King William's Tontine
In a time before bonds, treasury notes, or central banks, there were tontines. These were schemes in which a group of investors lent money to a government, corporation, or king, similar to a modern-day loan syndicate. But unlike conventional debt, periodic interest payments were distributed only to survivors. As tontine nominees died, the income of survivors correspondingly increased. Morbid, perhaps, but this was one of the earliest forms of longevity insurance in which the pool shared the risk. Moshe Milevsky tells the story of the first tontine issued by the English government in 1693, known as King William's tontine, intended to finance the war against French King Louis XIV. He explains how tontines work, the financial and economic thinking behind them, as well as why they fell into disrepute. Milevsky concludes with a provocative argument that suitably modified tontines should be resurrected for twenty-first century retirement income planning.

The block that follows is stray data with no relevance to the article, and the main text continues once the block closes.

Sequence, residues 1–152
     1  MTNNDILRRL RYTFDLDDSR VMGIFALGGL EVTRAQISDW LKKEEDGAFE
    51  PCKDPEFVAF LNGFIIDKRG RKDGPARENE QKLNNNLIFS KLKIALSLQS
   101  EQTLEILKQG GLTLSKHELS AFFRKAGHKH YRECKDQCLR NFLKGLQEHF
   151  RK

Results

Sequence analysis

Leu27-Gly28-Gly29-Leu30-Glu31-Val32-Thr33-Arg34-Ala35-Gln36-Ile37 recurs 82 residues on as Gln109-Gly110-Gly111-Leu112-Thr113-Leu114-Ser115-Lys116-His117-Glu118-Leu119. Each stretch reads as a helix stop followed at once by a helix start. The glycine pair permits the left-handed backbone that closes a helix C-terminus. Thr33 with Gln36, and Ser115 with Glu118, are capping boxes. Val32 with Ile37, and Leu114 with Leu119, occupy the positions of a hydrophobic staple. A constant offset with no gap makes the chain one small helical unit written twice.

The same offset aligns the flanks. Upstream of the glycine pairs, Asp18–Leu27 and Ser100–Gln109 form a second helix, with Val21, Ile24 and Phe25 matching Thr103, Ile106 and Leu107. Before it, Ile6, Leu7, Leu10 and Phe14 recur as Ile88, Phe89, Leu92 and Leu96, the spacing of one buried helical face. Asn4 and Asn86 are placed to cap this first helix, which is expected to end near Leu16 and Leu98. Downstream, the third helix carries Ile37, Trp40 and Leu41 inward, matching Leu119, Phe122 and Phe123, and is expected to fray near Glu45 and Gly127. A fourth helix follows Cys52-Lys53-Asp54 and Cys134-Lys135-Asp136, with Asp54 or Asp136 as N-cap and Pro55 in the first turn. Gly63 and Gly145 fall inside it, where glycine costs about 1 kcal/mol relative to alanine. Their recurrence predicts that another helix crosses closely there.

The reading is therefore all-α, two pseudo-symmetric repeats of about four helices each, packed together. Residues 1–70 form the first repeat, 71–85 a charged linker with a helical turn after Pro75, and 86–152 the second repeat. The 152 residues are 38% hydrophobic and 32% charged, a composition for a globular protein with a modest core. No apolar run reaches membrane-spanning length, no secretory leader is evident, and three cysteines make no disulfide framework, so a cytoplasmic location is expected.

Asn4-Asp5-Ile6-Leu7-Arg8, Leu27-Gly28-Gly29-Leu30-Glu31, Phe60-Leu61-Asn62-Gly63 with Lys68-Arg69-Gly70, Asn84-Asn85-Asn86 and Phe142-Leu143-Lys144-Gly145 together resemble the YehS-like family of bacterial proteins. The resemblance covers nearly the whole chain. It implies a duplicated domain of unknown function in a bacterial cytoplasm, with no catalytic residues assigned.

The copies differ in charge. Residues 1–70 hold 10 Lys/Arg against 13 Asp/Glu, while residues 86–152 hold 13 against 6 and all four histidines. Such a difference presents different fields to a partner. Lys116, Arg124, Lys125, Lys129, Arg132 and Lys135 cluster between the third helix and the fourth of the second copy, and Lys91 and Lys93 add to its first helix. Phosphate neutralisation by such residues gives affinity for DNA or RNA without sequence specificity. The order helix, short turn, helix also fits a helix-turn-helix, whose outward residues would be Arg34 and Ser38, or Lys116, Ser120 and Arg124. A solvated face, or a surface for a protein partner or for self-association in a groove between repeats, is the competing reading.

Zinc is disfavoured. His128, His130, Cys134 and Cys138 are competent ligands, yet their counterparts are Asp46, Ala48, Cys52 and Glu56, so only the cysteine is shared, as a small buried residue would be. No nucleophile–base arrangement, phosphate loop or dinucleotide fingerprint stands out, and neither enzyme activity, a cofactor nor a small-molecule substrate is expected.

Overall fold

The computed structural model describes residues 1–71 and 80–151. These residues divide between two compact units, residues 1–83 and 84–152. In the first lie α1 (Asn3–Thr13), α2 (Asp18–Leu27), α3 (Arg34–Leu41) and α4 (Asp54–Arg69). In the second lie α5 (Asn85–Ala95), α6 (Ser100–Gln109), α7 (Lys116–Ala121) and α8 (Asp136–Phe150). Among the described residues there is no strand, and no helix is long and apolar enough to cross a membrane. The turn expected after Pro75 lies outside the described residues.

"King William's Tontine is an excellent read and a model for the clear exposition of a difficult and little-known subject. Financial history buffs will particularly enjoy the first half of the book, and economists interested in retirement finance will want to engage with the chapters in which the author presents his own proposal. This is a book that should grace the shelves of many libraries. Its proposals are definitely worthy of serious consideration by anyone or any institution concerned with retirement finance." The Journal of Retirement
"King William's Tontine entertains and, by asking why retirees should not be paid handsomely for bearing a little actuarial risk, informs our response to the looming retirement crisis in a way that no other book does. It should be read - with pleasure - by anyone with a personal or policy interest in this vital area." William J. Bernstein, CFA Institute Book Reviews
1 $51.00 9781107076129 No volume discount available.
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|Publisher||Cambridge University Press|
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